Your mic is the most important part of the recording process. It even trumps your audio editing software and the instruments you use. There are many types of microphones on the market, such as condenser microphones, microphones with pop filters, USB microphones, mics that eliminate background noise, wireless microphones, and other specialized studio microphones.
So, which one is ideal for you when setting up your recording studio? Well, let’s take a look.
If the quality of your mic is poor, the sound quality will be poor, and your audience will be turned off your track, no matter how great it actually is. All the time and effort you put into your tune will be wasted.
A well-received performance comes from a high-quality mic. Here are some tips on how to pick the best one with great sound quality
Condenser vs. Dynamic Mics
Condenser and Dynamic mics are the main two microphones types you’ll see. However, the condensers are broken up into two further mic groups. The large-diaphragm microphones (LDMs) are mostly used for home-studio vocals and deep-sounding instruments. Keep in mind that LDMs will warm up the sound of what it has recorded, so it can add rich, warm tones to any recording.
Small Diaphragm Microphones (SDMs) excel at recording sounds with a lot of quick noises at wide frequencies. Concerts or other live performances sound great on this type of microphone and if you’re a string player, this mic is for you, according to Joe Shambro at ThoughtCo.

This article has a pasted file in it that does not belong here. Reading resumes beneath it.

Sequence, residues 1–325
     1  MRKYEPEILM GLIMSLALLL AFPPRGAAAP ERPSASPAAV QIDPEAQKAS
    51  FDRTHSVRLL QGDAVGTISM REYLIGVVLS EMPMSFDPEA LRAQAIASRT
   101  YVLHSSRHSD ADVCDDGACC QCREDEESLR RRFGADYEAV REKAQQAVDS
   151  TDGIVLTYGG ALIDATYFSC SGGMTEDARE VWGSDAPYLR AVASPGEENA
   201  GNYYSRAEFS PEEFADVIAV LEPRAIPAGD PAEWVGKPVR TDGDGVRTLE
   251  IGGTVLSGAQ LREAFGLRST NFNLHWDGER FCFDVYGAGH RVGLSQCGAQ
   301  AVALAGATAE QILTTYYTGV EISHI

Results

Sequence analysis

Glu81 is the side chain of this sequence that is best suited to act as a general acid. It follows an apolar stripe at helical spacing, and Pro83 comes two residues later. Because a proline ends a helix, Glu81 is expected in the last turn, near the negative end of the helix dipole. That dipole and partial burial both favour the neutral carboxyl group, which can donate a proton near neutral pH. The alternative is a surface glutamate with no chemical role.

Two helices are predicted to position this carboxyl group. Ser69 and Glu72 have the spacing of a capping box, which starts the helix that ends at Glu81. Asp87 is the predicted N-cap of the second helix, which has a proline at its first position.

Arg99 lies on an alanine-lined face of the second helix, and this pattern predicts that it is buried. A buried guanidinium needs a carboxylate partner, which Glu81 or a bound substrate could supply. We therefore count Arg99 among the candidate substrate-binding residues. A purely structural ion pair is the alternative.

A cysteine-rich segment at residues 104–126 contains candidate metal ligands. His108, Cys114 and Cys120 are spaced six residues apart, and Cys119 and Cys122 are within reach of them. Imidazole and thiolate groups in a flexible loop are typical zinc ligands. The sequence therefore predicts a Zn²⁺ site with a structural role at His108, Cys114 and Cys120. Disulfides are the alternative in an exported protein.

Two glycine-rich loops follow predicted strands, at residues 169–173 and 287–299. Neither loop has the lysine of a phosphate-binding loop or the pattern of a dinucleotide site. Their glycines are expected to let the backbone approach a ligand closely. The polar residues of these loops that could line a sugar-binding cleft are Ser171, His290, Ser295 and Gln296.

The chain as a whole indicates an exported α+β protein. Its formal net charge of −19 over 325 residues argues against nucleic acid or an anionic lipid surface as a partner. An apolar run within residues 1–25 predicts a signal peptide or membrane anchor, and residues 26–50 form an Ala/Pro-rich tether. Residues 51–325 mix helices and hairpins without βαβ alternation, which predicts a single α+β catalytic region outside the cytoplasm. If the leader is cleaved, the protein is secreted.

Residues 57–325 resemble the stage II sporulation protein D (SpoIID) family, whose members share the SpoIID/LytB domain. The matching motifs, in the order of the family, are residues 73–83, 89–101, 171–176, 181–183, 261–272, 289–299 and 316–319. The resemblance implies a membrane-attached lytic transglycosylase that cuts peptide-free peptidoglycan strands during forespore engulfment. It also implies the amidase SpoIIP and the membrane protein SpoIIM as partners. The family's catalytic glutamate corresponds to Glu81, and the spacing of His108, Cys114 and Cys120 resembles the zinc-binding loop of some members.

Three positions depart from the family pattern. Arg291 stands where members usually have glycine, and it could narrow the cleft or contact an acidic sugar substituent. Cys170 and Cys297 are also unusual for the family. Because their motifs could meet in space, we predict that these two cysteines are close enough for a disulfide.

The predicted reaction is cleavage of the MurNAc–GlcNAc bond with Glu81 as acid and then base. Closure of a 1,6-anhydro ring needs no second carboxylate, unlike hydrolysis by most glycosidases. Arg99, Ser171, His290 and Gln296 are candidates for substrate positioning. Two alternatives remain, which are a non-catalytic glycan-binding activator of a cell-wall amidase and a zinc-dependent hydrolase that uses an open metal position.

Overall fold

Both the LDM and SDM require their own power supply and have to be handled fairly gently. However, condenser mics typically offer much richer audio.
Dynamic mics represent the stereotypical microphone you think about when you imagine someone singing on a stage. They’re conical sides lead up to a spherical recording head.
Dynamic mics are much more versatile than condenser mics in terms of hardware. They can take a beating, usually unfazed by drops, and resist moisture pretty well (think saliva here), so they’re great for live band recordings.
While dynamic mics don’t always require their own power supply like condenser mics, dynamic mics do not have as accurate or crisp a sound as condensers.
What’s your budget?
You can spend anywhere from $50 to $1000 or more on your microphone, and each will offer different results. But it seems for most people, the real breaking point is around $250, at least that’s my super rough and fuzzy estimate based on numerous conversations.
If you get a mic cheaper than that, you’ll have to buy another one in a few years. However, if you save up and by a mid-range mic, you’ll be able to use it for many years.